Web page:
When HBO recently announced that it will be launching its very own OTT (Over-the-top content) service, the whole media industry was shaken up. As one of the major players in the content provider world with such hits as Game of Thrones, Girls, True Blood, Boardwalk Empire and True Detective, its decision to forgo the cable networks and straight to the Internet for distribution has a significant implication. It’s the cord-cutters’ dream come true and a slap in the face for the cable providers.

But beyond these business implications, there are also many technological possibilities. With this video streaming scenario, HBO, and others like CBS All Access and Lionsgate, can now explore new ways to engage its viewers in immersive and interactive ways that were not possible on the cable networks.

The Internet platform allows for the viewers to interact with the content and other viewers in real-time. So whether it’s live or on-demand content, the viewers can engage with it like never before. It’s true that people still enjoy the “lean-back” experience of simply tuning in to a show and watching it. But the up-and-coming Gen Z’ers are more likely to want to interact with their shows. Their lifestyle is very much gamified, so the content consumption being gamified, that is interactive and experiential, would be a logical step to attract this next generation of viewers.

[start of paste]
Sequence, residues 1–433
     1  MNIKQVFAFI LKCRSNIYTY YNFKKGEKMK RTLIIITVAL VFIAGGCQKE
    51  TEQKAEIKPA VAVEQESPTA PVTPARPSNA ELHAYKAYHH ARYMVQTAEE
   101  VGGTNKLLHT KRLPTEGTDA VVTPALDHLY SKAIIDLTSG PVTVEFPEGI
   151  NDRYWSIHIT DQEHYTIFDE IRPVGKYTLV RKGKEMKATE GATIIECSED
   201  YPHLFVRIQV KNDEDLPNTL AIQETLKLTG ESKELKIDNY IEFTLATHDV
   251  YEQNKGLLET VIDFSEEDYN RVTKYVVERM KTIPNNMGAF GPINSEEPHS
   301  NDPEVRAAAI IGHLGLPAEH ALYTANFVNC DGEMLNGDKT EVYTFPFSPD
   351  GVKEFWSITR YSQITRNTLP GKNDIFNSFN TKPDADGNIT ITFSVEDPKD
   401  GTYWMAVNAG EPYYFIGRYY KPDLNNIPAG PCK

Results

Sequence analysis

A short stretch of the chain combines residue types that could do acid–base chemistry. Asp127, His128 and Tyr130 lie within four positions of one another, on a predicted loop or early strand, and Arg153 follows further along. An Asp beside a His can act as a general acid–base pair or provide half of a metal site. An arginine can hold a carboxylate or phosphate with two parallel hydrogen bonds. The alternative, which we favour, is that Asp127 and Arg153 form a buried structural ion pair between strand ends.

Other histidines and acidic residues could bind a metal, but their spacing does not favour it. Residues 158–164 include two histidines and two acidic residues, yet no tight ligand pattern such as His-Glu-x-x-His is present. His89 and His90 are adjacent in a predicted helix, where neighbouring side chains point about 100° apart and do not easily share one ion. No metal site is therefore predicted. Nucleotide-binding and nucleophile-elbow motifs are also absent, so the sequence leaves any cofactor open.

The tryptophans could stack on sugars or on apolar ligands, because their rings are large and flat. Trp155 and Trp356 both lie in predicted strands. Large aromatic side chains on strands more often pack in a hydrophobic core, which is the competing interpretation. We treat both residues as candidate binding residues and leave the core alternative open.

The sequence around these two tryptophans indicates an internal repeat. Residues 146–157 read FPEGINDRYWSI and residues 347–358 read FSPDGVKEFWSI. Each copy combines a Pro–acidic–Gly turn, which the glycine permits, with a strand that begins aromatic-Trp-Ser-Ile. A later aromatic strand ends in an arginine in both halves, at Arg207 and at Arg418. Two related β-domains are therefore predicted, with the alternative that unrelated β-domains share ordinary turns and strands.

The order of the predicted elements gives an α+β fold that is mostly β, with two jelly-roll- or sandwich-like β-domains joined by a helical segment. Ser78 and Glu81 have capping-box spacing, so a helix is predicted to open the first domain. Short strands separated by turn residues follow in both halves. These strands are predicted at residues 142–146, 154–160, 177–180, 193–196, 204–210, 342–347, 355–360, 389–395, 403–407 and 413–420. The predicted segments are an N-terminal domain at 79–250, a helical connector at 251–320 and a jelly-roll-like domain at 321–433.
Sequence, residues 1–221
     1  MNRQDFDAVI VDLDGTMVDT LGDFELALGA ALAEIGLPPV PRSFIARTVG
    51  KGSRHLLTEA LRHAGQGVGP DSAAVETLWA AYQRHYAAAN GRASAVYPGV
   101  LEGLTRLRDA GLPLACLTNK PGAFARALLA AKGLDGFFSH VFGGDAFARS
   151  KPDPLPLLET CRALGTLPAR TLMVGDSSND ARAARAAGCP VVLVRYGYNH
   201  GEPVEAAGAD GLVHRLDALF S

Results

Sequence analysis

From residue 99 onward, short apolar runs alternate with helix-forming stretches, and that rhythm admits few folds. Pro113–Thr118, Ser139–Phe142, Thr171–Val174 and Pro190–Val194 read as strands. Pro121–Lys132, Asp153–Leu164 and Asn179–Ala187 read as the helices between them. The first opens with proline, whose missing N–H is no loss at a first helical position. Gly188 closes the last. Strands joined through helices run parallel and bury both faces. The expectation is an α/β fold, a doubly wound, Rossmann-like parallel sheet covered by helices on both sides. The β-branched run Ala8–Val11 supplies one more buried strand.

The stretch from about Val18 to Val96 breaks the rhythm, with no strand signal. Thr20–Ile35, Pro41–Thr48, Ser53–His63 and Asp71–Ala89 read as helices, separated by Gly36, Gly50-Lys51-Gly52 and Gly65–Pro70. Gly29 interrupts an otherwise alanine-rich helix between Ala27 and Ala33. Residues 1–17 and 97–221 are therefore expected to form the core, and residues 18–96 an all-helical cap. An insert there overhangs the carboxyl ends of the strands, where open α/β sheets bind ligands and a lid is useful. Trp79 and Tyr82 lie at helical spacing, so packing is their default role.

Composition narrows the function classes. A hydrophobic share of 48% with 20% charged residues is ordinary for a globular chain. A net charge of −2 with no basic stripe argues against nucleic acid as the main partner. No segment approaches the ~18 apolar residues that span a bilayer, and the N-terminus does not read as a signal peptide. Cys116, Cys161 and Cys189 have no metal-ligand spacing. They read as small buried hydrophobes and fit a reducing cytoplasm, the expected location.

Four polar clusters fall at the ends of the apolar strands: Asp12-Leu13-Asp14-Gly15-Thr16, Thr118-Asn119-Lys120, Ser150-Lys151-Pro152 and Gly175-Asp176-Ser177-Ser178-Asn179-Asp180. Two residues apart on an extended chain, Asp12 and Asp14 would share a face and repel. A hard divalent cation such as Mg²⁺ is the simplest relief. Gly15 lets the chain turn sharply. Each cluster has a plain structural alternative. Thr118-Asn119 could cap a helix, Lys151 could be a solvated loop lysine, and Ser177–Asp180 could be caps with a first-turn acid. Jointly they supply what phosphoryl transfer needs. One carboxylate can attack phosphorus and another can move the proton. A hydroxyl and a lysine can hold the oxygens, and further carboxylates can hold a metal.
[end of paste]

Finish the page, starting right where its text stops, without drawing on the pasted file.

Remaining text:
So, what would these interactions or experiences look like?

It could be as simple as a social viewing environment, somewhat similar to Mystery Science Theater 3000. People can log in and invite others to watch the same show and chat together online. A great example would be one of our top clients SimulTV.

Or, it can be a UGC (user-generated content) solution. Imagine watching Game of Thrones, and you love the moment that you’re watching right now. So, you simply click on a button next to the video player, and it automatically captures the last 10 seconds of the show and provides a space to add your own comment. It then packages it in a fun video clip that you can share on your social media.

Or, how about a live interactive game show where the online viewers can chime in and even play the game with the in-studio contestants? And what if the randomly chosen online viewers can remotely control some of the physical elements of the game, e.g. spinning a prize wheel, launching game pieces, etc. You can even have a surprise celebrity player come on via the web and participate in the game. It would be easier to get these celebrities since they are “appearing remotely”, making it easy on their busy schedules.

These are just very basic and simple examples for experiential content. The interactivity can be as simple or elaborate as the imagination of the creatives behind it. The bottom line is that the OTT content can be so much more engaging than what’s available now on your TV.

Going OTT is just the beginning. Various emerging web technologies will undoubtedly transform the OTT content into the “21st century content for the 21st century viewers”.

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